I also love the analogy he makes with Golf, bringing up the subject of consciousness/unconsciousness. What I find limiting in my own experience, which is likely due to my lack of practice, is the time I need to think about everything I do when I paint. I guess, or better hope, this feeling of doing something which I can’t grasp yet will become less and less apparent the more I practice.
I did, and do a bit of acting sometimes, and when I was starting I was told that all the things that I was finding so difficult to do, thinking consciously every time I had to do them, I would have been able to master only after reaching the point of not even knowing I was doing them, like breathing. But, heh, I guess that’s the ultimate level of mastery in drawing and painting.

Lastly, I certainly agree with Speed’s quote that James mentioned, although I believe the previous statement: “… and every obstacle should at first be put in the way of the aspiring artist,…” is a bit extreme, as not everyone might eventually become a genial artist, but just a moderate one. And perhaps, although loving art but not possessing enough strength of will, might prevent him/her from becoming an artist in the end, and grow up with frustration.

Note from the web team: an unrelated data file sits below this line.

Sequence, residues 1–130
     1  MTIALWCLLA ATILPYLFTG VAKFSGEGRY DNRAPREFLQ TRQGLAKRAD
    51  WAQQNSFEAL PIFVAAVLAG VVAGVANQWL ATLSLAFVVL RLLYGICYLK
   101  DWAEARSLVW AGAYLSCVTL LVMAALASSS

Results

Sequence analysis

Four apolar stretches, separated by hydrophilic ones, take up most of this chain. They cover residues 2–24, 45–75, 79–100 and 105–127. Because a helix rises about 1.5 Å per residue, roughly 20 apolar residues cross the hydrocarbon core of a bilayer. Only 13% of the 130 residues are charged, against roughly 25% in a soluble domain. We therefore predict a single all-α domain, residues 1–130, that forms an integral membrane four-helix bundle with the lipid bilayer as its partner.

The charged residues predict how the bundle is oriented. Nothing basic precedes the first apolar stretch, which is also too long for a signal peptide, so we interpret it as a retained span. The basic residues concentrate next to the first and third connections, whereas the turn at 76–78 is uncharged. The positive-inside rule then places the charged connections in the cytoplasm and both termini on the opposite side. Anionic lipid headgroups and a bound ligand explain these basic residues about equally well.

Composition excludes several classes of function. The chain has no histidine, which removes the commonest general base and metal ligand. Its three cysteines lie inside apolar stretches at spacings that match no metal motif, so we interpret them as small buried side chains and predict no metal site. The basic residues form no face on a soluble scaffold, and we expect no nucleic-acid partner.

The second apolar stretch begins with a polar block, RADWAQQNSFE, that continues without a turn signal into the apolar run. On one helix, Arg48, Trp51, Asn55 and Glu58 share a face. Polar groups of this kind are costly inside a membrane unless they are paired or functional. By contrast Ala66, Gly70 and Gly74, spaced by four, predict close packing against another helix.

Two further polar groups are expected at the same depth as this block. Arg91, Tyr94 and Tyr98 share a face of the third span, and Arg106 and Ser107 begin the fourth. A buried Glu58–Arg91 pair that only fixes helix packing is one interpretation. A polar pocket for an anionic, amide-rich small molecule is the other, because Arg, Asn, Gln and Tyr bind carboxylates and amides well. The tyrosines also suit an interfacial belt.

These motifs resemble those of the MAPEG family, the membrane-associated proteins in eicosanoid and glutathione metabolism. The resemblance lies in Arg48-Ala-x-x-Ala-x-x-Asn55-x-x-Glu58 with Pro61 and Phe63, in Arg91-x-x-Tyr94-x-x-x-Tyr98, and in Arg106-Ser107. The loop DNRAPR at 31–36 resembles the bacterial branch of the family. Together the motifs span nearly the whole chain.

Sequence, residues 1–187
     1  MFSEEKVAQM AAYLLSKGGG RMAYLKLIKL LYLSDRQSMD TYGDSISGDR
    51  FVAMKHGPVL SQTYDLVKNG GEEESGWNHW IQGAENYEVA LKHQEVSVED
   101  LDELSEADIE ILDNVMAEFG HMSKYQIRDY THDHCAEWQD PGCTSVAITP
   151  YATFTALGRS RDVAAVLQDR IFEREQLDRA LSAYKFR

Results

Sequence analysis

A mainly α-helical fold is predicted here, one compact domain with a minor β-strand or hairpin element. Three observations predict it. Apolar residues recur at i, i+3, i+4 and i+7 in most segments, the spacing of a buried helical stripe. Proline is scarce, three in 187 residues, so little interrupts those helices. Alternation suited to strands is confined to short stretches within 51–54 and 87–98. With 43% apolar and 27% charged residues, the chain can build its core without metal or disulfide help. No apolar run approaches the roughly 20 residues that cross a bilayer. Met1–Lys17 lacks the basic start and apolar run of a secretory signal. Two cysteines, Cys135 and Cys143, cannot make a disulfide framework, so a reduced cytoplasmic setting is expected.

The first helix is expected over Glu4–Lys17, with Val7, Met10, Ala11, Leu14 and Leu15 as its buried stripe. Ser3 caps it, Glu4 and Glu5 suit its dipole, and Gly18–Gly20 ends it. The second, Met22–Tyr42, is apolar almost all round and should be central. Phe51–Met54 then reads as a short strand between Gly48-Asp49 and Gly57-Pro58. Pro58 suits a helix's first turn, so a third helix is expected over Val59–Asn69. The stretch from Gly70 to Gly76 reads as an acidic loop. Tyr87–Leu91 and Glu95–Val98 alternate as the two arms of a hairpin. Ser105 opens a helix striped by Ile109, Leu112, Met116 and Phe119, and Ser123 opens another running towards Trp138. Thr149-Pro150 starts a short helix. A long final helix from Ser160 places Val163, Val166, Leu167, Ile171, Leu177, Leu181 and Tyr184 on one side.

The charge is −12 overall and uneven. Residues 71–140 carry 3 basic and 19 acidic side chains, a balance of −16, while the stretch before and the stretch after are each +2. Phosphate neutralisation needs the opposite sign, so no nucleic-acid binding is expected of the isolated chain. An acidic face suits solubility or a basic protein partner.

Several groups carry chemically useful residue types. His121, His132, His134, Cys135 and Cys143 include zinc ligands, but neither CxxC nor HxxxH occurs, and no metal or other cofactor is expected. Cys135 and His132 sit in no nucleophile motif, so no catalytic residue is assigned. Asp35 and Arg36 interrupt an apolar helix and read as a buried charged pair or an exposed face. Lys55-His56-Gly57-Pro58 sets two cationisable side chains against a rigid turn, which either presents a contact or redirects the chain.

If you want to read all of the comments by James and others, you can reach his blog here

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Getting into Oil Painting… at last!

Howdy!
After months of struggle trying to refine a room and make it decent enough for a painting studio, I made it! Yes-sir. And here is my new studio at last!
My new painting Studio

I couldn’t wait and immediately got involved with oils. I first make a quick blue/white sketch of some peppers (you can see them on the small table easel in the picture), then another small test of the wet-on-wet technique I saw some videos about on Art Tutor. Well, I liked it, and searched more info about it. That way I came across some amazing Oil Landscape videos by Kevin Hill (see here his website: PaintWithKevin) and eventually found out that he learned thanks to the old PBS tv show broadcasted in the eighties and early nineties, hosted by Bob Ross. His technique is just amazing, I couldn’t help buying some bigger brushes and giving it a try (you can see the beginning on the big easel on the left).